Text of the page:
Infrastructure under pressure as the population continues to grow

A local family (photo: C. F. Ngo Biyack)

Abomey-Calavi is located close to Benin’s largest city, Cotonou, and with a population of more than 300,000 it is itself one of the largest cities in the country. This coastal region is Benin’s most heavily populated, and a steady migration from the poorer rural areas in the north further fuels the steady population growth. As a consequence, the region faces plenty of infrastructural challenges.

Economically, the region is by far the most important in the country due to its strategic location as a central place for trade and commerce in western Africa. However, the number of people living in poverty without access to sanitation remains high and an increasing number of slums are forming.
Malnourishment is common and a great hindrance to children’s development. Furthermore, the poorest people are struck the hardest by waterborne diseases and other infectious diseases which thrive in the tropical climate. The increasing urbanization of the area forces newcomers and the poorest to settle in areas where they are at high risk of becoming victims of flooding. Close to ten per cent of the entire population of Benin were affected by the flooding that occurred in 2010.

HIV/AIDS is a serious threat to the wellbeing of children in Abomey-Calavi and its surroundings. More than 30,000 children in Benin are estimated to be orphaned due to HIV/AIDS, and thousands of children are themselves affected by the disease. Abomey-Calavi and other urban areas have a higher rate of HIV-positive people than rural regions, and women account for a significantly higher number of those infected, which puts future generations of children at even greater risk.

SOS Children’s Villages seeks to help children by empowering their families

Vulnerable children in Abomey-Calavi need our help urgently, as the majority of the population continues to live in poverty. The poorest can rarely afford to pay for health services, and with a national fertility rate of more than five children per woman, many children are in high risk of losing care if something happens to one or both parents. Strengthening families and supporting them to learn skills and access resources that enable them to become self-sufficient and to properly care for their children is often the best way to help children. Therefore, SOS Children’s Villages increasingly focuses on reaching out to families at risk of breaking apart, while also providing quality care in our SOS families for children who have no one to care for them.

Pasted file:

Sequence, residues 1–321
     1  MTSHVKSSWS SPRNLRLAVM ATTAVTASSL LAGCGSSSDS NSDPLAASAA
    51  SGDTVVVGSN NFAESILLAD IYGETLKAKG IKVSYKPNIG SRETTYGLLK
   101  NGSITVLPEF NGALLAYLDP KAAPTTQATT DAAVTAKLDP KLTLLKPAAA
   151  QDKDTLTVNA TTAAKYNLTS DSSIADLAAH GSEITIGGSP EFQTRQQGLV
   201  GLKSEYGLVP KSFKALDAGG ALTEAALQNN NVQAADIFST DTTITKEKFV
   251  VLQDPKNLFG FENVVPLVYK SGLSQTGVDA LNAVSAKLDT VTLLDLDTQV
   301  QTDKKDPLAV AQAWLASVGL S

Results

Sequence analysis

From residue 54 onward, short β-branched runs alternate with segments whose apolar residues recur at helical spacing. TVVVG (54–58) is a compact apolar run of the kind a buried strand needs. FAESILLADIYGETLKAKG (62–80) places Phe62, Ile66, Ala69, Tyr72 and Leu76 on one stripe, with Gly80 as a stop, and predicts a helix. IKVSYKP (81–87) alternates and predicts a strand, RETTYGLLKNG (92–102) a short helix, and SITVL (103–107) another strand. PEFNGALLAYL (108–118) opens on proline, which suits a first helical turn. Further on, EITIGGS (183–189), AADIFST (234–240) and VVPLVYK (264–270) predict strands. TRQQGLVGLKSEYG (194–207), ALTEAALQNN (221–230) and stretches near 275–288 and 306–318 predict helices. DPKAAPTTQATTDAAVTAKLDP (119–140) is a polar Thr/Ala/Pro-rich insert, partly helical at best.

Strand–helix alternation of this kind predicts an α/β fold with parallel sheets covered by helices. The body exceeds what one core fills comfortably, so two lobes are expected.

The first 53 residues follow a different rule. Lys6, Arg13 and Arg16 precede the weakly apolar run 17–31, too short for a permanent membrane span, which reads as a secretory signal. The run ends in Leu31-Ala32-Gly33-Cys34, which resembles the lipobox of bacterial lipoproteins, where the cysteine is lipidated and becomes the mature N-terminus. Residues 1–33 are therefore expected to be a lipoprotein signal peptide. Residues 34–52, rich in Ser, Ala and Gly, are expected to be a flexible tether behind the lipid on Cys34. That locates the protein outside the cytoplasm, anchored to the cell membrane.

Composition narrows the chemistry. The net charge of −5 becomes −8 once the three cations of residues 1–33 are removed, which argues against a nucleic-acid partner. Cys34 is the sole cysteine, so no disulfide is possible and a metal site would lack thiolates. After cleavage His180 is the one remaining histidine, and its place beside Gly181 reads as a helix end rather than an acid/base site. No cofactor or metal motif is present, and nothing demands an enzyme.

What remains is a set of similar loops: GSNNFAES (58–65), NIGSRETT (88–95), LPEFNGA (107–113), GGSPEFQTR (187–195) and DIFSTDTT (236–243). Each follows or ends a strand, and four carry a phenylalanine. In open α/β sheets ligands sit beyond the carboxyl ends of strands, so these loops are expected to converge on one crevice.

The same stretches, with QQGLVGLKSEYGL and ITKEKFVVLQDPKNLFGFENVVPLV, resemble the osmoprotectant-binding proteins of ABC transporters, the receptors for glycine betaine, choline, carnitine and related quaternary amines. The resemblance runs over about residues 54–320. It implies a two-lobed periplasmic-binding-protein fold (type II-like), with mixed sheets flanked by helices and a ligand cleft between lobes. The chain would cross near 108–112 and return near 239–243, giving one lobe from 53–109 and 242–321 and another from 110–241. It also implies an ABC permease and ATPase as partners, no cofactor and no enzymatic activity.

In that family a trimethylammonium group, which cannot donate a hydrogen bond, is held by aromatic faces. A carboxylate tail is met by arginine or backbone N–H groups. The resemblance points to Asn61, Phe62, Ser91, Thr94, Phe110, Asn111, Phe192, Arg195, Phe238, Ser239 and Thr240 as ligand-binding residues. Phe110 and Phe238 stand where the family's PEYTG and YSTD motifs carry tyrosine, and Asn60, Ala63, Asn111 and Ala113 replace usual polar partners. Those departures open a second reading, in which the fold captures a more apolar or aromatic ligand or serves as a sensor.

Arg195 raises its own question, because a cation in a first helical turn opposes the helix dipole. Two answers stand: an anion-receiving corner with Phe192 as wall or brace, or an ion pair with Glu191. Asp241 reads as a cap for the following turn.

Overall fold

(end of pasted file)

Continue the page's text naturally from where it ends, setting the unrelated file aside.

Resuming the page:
What we do in Abomey-Calavi

Playing together in SOS Children’s
Village Abomey Calavi (photo:  A. Gabriel)

SOS Children’s’ Villages has been working to improve the lives of vulnerable children in the region since 1987. Over the years, our efforts have evolved in order to reach as many children as possible. Today, our work in Abomey-Calavi includes giving children without care a loving home in one of eleven SOS families as well as supporting and empowering families who are at risk of breaking apart.

SOS Children's Villages has always been committed to strengthening the educational capacities in the local area. SOS Children’s Village Abomey-Calavi runs a kindergarten and a primary school as well as a secondary school specialised in arts and music. These provide local children and children from SOS families with a chance of obtaining an education and thus improving their future perspectives. When the children in our care become young adults, they join an SOS Youth Programme where they learn to become independent while completing their education or vocational training.

Through our social centre we provide children from vulnerable families with access to school and education as well as health services. At the same time, we work with the parents or carers to help them build skills that will not only improve their chances of supporting their family but also of providing a loving environment for the children to grow up in. Many of the families we reach are affected by HIV/AIDS; they are particularly vulnerable and have often been stigmatized and discriminated against. The vaccination of children is another task undertaken by our social centre, and we also seeks to raise awareness on important issues such as children’s rights, how to prevent the spread of HIV/AIDS, as well as how to protect oneself from infectious diseases.